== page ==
ECOS comments on Elk Grove Hospital NOP

On June 27, 2019, the Environmental Council of Sacramento, Habitat 2020 and the Friends of Stones Lakes National Wildlife Refuge submitted a letter in response to the Notice of Preparation of an Environmental Impact Report for Northstate University Medical Center, planned for the outer edges of the City of Elk Grove, south of Sacramento.

Our concerns include: an increase in bird collisions, helicopter flight impacts on migratory birds in surrounding roosting and foraging habitat, lighting impacts, building a hospital in a floodplain, surface water runoff, cumulative impacts, compliance with our region’s Metropolitan Transportation Plan/Sustainable Communities Strategy, growth inducement and more.

Click here to read the letter in full.

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Editor’s note: A bridge to somewhere

By Foon Rhee
May 23, 2019
Sacramento News and Review

The I Street Bridge is 108 years old and rusty, and it rattles when a train passes over it. So, yes, a new span over the Sacramento River is way overdue. But the new bridge is not just another important transportation link between Sacramento and West Sacramento. It’s also an opportunity to make a design statement for the region.

The current I Street Bridge will stay open. The lower deck will continue to be used for passenger and freight trains, while the upper deck will be closed to vehicles and be converted into a pedestrian and bike path. The new bridge is just up river and will connect Railyards Boulevard on the edge of downtown Sacramento, and C Street in the Washington neighborhood in West Sacramento.

Click here to view the full article.

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Light Pollution Effects on Wildlife and Ecosystems

Source: International Dark-Sky Association

For billions of years, all life has relied on Earth’s predictable rhythm of day and night. It’s encoded in the DNA of all plants and animals. Humans have radically disrupted this cycle by lighting up the night.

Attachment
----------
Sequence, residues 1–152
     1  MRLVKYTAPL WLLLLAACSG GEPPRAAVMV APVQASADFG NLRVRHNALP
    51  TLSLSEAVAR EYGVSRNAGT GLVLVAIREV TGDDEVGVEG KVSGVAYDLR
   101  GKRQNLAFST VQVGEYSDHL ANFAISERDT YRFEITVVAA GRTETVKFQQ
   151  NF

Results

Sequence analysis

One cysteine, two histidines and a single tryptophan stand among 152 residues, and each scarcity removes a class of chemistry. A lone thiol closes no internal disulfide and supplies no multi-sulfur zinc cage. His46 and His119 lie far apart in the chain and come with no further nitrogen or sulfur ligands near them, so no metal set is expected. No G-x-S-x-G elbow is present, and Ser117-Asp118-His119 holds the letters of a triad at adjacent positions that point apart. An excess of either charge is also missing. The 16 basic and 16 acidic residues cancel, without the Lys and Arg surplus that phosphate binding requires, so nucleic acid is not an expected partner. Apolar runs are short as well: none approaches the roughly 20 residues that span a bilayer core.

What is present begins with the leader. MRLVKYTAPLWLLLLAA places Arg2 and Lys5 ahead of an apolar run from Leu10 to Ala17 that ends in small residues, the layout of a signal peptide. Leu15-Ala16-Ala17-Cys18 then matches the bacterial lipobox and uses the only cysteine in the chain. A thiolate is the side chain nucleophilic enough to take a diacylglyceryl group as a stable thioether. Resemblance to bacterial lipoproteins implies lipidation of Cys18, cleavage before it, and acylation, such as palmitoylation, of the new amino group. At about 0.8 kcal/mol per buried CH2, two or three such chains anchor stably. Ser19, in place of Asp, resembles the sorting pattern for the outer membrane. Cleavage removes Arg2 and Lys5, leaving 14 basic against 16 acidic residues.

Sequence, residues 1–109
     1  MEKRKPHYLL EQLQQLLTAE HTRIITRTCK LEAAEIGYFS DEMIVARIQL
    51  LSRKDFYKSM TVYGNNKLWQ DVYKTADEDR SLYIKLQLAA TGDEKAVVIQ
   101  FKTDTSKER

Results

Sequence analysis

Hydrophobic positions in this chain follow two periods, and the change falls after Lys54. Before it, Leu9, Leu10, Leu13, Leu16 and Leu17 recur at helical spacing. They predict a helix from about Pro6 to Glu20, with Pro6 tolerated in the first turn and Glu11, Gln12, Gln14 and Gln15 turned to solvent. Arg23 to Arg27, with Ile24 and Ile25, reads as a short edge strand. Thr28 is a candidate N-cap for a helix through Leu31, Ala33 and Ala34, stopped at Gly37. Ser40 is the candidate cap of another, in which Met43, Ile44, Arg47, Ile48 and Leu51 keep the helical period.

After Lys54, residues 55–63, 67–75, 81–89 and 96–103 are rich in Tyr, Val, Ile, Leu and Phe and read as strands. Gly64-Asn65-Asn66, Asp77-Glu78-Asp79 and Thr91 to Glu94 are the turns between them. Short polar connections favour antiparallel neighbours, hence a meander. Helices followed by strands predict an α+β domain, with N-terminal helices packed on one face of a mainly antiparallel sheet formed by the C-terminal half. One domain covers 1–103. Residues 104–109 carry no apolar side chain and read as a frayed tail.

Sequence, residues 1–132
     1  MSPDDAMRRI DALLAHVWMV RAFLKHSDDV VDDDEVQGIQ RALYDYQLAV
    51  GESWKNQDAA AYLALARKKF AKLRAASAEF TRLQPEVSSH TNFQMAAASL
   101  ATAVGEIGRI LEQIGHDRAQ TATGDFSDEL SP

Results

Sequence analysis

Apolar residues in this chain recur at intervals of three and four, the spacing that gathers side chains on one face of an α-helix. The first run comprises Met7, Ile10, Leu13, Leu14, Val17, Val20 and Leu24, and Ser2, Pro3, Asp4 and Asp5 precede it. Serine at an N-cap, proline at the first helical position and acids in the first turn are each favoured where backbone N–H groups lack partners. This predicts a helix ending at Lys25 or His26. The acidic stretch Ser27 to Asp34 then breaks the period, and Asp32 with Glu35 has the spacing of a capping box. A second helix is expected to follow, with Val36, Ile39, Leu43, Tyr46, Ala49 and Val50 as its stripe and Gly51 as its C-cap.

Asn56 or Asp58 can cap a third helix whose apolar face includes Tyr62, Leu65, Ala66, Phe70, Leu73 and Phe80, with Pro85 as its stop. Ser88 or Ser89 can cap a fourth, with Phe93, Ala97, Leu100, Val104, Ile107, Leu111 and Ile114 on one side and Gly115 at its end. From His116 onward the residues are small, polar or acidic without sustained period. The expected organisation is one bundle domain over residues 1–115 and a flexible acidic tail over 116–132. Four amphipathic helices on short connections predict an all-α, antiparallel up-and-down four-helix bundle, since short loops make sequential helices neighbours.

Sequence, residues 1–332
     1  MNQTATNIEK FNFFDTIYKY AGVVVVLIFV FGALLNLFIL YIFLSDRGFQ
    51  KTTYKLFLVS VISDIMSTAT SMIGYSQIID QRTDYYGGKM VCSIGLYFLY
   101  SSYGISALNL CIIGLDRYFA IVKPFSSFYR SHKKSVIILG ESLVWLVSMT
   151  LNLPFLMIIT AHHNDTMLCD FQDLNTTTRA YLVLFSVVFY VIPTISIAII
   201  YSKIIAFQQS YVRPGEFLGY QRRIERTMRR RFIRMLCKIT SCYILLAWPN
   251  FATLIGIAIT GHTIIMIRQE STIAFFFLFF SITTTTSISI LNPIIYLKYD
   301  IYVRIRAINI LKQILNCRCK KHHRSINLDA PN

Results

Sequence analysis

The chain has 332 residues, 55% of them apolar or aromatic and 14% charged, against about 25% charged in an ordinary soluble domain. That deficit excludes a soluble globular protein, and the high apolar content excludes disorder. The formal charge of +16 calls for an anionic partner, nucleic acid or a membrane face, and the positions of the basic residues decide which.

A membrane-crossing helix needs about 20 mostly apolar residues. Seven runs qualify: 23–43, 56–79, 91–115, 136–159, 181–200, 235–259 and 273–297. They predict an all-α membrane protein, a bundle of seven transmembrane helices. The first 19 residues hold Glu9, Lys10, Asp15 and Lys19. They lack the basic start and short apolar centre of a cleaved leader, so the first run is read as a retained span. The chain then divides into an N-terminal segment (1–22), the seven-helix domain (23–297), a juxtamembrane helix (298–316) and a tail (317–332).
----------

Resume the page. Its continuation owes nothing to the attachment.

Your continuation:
Plants and animals depend on Earth’s daily cycle of light and dark rhythm to govern life-sustaining behaviors such as reproduction, nourishment, sleep and protection from predators.

Scientific evidence suggests that artificial light at night has negative and deadly effects on many creatures including amphibians, birds, mammals, insects and plants.

Artificial Lights Disrupt the World’s Ecosystems

Nocturnal animals sleep during the day and are active at night. Light pollution radically alters their nighttime environment by turning night into day.

According to research scientist Christopher Kyba, for nocturnal animals, “the introduction of artificial light probably represents the most drastic change human beings have made to their environment.”

“Predators use light to hunt, and prey species use darkness as cover,” Kyba explains “Near cities, cloudy skies are now hundreds, or even thousands of times brighter than they were 200 years ago. We are only beginning to learn what a drastic effect this has had on nocturnal ecology.”

Glare from artificial lights can also impact wetland habitats that are home to amphibians such as frogs and toads, whose nighttime croaking is part of the breeding ritual. Artificial lights disrupt this nocturnal activity, interfering with reproduction and reducing populations.

Click here to continue reading this on the International Dark-Sky Association’s website.


Outdoor Lighting Basics

Modern society requires outdoor lighting for a variety of needs, including safety and commerce. IDA recognizes this but advocates that any required lighting be used wisely. To minimize the harmful effects of light pollution, lighting should

  • Only be on when needed
  • Only light the area that needs it
  • Be no brighter than necessary
  • Minimize blue light emissions
  • Be fully shielded (pointing downward)

Learn more at www.darksky.org.

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